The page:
21st Sunday O T Year B – 2018
To Whom Shall We Go? John 6:60-69
I believe it was Winston Churchill who said, “Democracy is a terrible form of government.” But then he added, “There is no other form that is better.” Sometimes our best choice is far from perfect.
We end up choosing something really does not please us, but we do so precisely because no better options are available.
This seems to be the situation with Peter in today’s gospel. Many people are finding that Jesus’ teaching is difficult, hard to accept. So they are leaving.
They are no longer traveling in his company. Jesus asks Peter, “Do you also want to leave?” and Peter says, “Master, to whom shall we go? You have the words of eternal life.”
The story is told about three priests who started discussing their common problem of how to get rid of bats in their churches.
The first priest said he once took a shotgun and fired at them, but to no avail. The second one said he trapped them alive and released them outside, but they came back.
The third priest said, he no longer had a problem in his church. They asked how he solved it, he said: “I simply baptized them and confirmed them, and I haven’t seen them in the church since then.”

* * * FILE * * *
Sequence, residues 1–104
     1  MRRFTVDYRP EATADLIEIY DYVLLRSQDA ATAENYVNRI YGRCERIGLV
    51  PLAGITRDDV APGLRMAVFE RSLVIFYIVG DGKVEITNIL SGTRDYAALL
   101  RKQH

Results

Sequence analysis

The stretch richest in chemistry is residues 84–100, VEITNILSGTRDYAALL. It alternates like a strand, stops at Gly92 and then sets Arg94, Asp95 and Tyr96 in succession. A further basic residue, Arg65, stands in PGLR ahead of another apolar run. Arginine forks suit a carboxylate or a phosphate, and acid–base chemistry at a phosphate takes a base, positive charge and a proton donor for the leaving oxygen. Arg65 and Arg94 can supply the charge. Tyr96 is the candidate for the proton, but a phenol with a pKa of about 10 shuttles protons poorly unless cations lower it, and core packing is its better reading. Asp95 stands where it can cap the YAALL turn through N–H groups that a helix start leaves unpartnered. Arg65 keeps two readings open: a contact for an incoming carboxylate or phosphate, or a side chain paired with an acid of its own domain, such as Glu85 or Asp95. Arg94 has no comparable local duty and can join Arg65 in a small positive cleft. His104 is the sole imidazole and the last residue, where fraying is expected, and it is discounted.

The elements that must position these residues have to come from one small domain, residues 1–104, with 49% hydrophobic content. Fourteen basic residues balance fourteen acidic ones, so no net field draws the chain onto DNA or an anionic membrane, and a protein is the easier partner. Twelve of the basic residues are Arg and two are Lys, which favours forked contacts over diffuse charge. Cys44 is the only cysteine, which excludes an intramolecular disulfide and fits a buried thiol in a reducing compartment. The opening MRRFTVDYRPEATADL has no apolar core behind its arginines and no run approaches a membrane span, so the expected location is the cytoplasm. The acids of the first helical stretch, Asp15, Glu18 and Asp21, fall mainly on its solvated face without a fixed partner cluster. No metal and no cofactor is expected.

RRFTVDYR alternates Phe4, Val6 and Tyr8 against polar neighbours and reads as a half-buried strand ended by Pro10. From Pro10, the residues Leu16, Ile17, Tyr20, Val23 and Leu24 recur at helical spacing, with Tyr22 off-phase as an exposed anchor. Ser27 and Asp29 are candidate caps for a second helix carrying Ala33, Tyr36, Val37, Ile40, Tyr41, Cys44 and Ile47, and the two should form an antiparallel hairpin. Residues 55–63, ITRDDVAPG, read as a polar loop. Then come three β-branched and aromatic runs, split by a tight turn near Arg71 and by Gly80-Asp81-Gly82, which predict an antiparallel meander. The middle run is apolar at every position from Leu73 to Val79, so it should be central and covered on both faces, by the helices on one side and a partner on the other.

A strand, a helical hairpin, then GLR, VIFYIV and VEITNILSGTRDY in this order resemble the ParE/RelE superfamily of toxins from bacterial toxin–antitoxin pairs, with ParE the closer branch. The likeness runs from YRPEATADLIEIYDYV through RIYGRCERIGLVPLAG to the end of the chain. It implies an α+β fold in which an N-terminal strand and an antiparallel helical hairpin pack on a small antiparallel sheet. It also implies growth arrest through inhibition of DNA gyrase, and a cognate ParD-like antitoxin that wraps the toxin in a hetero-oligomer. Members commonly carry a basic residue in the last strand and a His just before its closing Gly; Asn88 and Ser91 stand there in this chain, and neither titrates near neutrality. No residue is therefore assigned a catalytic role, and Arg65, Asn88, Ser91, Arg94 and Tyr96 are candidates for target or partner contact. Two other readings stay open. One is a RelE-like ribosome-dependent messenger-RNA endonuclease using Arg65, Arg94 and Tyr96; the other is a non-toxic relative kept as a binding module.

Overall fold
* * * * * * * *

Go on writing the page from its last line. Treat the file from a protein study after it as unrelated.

Now let us go back to the gospel and let us notice, Peter is not affirming Jesus’ teaching. He is not saying that he is happy with it. He understands why so many people are leaving, but he is going to stay.
But he is not staying because he is excited about staying. He is going to stay because where else can he go.
Even though Jesus’ teaching is difficult and troublesome, Peter knows that there is no better option available to him. Now the good news about today’s gospel is that Jesus lets Peter stay.
Even though Peter is unhappy, even though he finds the teaching difficult, Jesus is willing to accept Peter as a disciple on those terms.
Peter can remain a disciple even though the only reason he is staying is because he does not have a better place to go.
We can be disciples of Jesus even though we are discouraged, even though we have doubts, even though we are afraid.
When troubles in our family continue to disrupt our lives, when our health deteriorates, when people whom we love make decisions that wound us, it does not mean that our faith is misplaced or that God is not God.
It is a reminder to us that God’s ways are often unclear and frequently burdensome. The troubles and difficulties of our life tell us that faith is as much about persevering as it is about celebrating and much more about trusting than understanding.
Brothers and sisters with this reflection on today’s word of God, now I would like to take your attention to the mission appeal of this year.
Today I am here not only as your associate pastor but also representing my Missionary Order.
First and foremost, on behalf of our Missionary Order, I would like to extend my sincere thanks to our Diocese for the continued support given to the Missionaries around the world.